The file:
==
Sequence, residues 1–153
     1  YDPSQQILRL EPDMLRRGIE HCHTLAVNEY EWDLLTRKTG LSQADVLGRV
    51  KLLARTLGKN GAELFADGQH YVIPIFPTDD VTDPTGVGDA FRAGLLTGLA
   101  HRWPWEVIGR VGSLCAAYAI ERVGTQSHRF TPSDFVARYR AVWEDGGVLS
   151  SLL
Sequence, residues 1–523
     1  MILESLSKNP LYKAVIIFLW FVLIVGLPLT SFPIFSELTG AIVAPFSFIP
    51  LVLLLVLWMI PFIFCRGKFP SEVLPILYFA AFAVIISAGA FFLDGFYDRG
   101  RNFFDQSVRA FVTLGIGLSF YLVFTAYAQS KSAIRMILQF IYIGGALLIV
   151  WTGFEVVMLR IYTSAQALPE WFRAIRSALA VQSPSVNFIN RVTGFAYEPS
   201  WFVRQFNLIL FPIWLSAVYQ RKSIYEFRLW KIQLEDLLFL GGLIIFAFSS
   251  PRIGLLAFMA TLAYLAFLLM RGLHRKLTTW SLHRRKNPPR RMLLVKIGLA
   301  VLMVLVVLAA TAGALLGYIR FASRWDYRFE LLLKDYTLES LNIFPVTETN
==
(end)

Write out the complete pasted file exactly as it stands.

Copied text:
Sequence, residues 1–153
     1  YDPSQQILRL EPDMLRRGIE HCHTLAVNEY EWDLLTRKTG LSQADVLGRV
    51  KLLARTLGKN GAELFADGQH YVIPIFPTDD VTDPTGVGDA FRAGLLTGLA
   101  HRWPWEVIGR VGSLCAAYAI ERVGTQSHRF TPSDFVARYR AVWEDGGVLS
   151  SLL
Sequence, residues 1–523
     1  MILESLSKNP LYKAVIIFLW FVLIVGLPLT SFPIFSELTG AIVAPFSFIP
    51  LVLLLVLWMI PFIFCRGKFP SEVLPILYFA AFAVIISAGA FFLDGFYDRG
   101  RNFFDQSVRA FVTLGIGLSF YLVFTAYAQS KSAIRMILQF IYIGGALLIV
   151  WTGFEVVMLR IYTSAQALPE WFRAIRSALA VQSPSVNFIN RVTGFAYEPS
   201  WFVRQFNLIL FPIWLSAVYQ RKSIYEFRLW KIQLEDLLFL GGLIIFAFSS
   251  PRIGLLAFMA TLAYLAFLLM RGLHRKLTTW SLHRRKNPPR RMLLVKIGLA
   301  VLMVLVVLAA TAGALLGYIR FASRWDYRFE LLLKDYTLES LNIFPVTETN